March 1649: An Act for the Abolishing the House of Peers.

Acts and Ordinances of the Interregnum, 1642-1660. Originally published by His Majesty's Stationery Office, London, 1911.

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'March 1649: An Act for the Abolishing the House of Peers.', in Acts and Ordinances of the Interregnum, 1642-1660, (London, 1911) pp. 24. British History Online [accessed 12 April 2024]

March, 1649

[19 March, 1648/9.]

House of Lords useless and dangerous to be continued, wholly abolished.; Some qualified Lords to have free Vote in Parliament, if elected;

The Commons of England assembled in Parliament, finding by too long experience, that the House of Lords is useless and dangerous to the People of England to be continued, have thought fit to Ordain and Enact, and be it Ordained and Enacted by this present Parliament, and by the Authority of the same, That from henceforth the House of Lords in Parliament, shall be and is hereby wholly abolished and taken away; And that the Lords shall not from henceforth meet or sit in the said House called The Lords House, or in any other House or Place whatsoever, as a House of Lords; nor shall Sit, Vote, Advise, Adjudge, or Determine of any matter or thing whatsoever, as a House of Lords in Parliament: Nevertheless it is hereby Declared, That neither such Lords as have demeaned themselves with Honor, Courage and Fidelity to the Commonwealth, nor their Posterities who shall continue so, shall be excluded from the Publique Councils of the Nation, but shall be admitted thereunto, and have their Free Vote in Parliament, if they shall be thereunto elected, as other persons of Interest elected and qualified thereunto, ought to have.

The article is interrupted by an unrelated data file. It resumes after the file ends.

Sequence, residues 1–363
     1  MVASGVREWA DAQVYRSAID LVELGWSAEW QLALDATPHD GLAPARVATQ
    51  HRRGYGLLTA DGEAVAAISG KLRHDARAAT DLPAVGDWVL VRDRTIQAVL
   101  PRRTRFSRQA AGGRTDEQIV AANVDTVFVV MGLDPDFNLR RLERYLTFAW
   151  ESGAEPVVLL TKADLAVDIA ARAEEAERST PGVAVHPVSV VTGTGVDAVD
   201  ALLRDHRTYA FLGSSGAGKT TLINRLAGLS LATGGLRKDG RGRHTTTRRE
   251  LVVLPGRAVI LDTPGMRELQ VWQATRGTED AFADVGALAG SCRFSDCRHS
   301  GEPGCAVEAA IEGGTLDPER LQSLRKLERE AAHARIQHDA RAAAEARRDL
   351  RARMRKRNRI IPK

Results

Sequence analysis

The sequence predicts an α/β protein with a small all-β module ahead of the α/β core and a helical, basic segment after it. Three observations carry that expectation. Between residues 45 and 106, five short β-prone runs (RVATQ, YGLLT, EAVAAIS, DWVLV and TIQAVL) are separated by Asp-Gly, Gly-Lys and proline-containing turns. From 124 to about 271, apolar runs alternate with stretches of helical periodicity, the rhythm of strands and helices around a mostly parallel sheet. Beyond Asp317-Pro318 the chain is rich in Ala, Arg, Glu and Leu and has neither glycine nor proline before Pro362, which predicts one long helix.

Otherwise to have no Priviledge.

And be it further Ordained and Enacted by the Authority aforesaid, That no Peer of this Land, not being Elected, Qualified, and sitting in Parliament as aforesaid, shall claim, have or make use of any priviledge of Parliament, either in relation to his Person, Quality or Estate, Any Law, Usage or Custom to the contrary notwithstanding.